“The power of the OECD Champion Mayors for Inclusive Growth Initiative is that national borders don’t get in the way of our conversation about how to address inequalities in our cities. When Mayors and Leaders build their city strategies centred on inclusive growth, this means getting everyone to benefit from the economy to their full potential. It means raising our productivity, increasing skills levels, more innovation and better infrastructure. The coronavirus crisis has increased inequalities, and the rising unemployment rates of young people is of particular concern. We must do all we can to support vulnerable groups and be prepared to deal with long term consequences of the pandemic.”
– Councillor James Lewis
Councillor James Lewis has been Leader of Leeds City Council since February 2021. He previously held the position of Deputy Leader of the Council since May 2015. He is the Council’s Executive Board Member for Resources, a position he has also held since May 2015.
The Resources portfolio includes oversight of the Council’s financial management, corporate planning and policy development, Human Resources, and the digital and smart city agenda.
Cllr Lewis was first elected as a Labour Councillor to represent the Barwick and Kippax Ward, now the Kippax and Methley Ward, in 2003. He has held numerous positions during his time as a Councillor, including being the Chair of Metro (West Yorkshire’s Integrated Transport Authority) between 2011 and 2015.
The City of Leeds is taking an inclusive approach to promote Leeds as a compassionate city with a strong economy and improve the lives and life chances of everyone in Leeds. The council is working with local businesses and other organisations to focus on practical actions grouped into three pillars and outlined in the Leeds Inclusive Growth Strategy. The pillars include Inclusive Growth, Health and Wellbeing, and Tackling the Climate Emergency.
Inclusive Growth will raise the city’s productivity; increase skills levels, foster innovation and develop infrastructure, and aims to generate more money for public services, reduce unemployment and increase wages, for example, council’s adoption of a ‘real living wage’. During the first year of implementation of the strategy, Channel 4 media company established national headquarters in the city, Leeds was the only UK city to receive an Outstanding Ofsted rating for Children’s Services, and Leeds was the only city to record a decline in childhood obesity.
In response to the COVID-19 pandemic, Leeds seeks to return the city to economic prosperity whilst maintaining inclusive growth.
Leeds City Council has joined the national Inclusive Growth Network, an initiative of the Centre for Progressive Policy, formed in recognition of the need for a new approach in light of the Coronavirus pandemic and resulting unemployment and economic pressures. The network brings together 12 councils and combined authorities to lead the drive for an inclusive economic recovery. The first year of support provided through the network aims to advance the ‘good work’ agenda within local communities, repurpose local skills provision to respond to COVID-19 impacts, drive a green recovery, tackle health inequalities and leverage community wealth through local levers such as procurement. The network will ensure members can learn from and support one another, get access to innovation and insight from UK partners, while also connecting with a growing international network of institutions and initiatives designed to create inclusive economic growth.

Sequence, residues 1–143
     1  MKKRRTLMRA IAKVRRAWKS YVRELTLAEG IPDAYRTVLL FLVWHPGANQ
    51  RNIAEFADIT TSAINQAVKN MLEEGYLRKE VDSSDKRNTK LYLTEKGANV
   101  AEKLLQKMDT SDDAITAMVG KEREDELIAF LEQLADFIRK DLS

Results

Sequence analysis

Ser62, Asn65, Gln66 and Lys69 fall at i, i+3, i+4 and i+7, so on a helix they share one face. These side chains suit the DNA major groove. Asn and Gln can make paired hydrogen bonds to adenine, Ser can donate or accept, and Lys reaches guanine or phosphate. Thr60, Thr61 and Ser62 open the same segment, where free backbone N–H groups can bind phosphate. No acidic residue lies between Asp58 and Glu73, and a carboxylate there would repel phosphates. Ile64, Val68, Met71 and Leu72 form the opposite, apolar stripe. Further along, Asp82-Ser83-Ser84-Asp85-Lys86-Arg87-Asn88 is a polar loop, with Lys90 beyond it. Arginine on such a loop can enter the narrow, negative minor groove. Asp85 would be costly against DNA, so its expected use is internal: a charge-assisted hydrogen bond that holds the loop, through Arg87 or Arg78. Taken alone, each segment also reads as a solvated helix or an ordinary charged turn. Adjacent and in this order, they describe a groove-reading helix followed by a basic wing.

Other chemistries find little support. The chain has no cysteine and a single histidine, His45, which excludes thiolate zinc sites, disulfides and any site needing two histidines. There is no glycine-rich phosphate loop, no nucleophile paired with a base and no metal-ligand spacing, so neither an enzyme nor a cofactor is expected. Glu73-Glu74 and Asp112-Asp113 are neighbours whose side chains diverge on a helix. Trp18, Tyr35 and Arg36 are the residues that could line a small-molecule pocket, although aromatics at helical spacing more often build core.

Leeds is working with the non-for-profit organisation, the Social Progress Imperative, to implement a robust measurement of inclusive growth that will allow the city to record and analyse progress across the city’s 33 wards (districts). The measurement framework, known as the Social Progress Index (SPI), will track Leeds’ annual progress against a range of indicators linked to three broad concepts: Basic Human Needs, Foundation of Well-being and Opportunity. The SPI will enable Leeds to identify and implement policies and programmes that will drive faster social progress across the whole city.
Leeds is striving to become a digitally inclusive city where everyone in Leeds has the opportunity to access the internet. With more services moving online it has never been more crucial for people to have access to the digital world to help manage their money, health, housing, leisure and mental wellbeing. 100% Digital Leeds takes a furthest first approach by working with the most likely to be digitally excluded. By focusing initial efforts on supporting and upskilling members of the community for whom existing challenges make it harder for them to engage e.g. disability, learning difficulties, poverty, homelessness, language barriers, long-term health conditions, social isolation, people can be better informed, more employable, feel more independent, and live happier, healthier, easier lives. Example projects include the launch of a network of Digital Health Hubs – physical spaces in the community that provide support and equipment to people to allow them to access online health services e.g. Doctor services, prescriptions and National Health Service apps.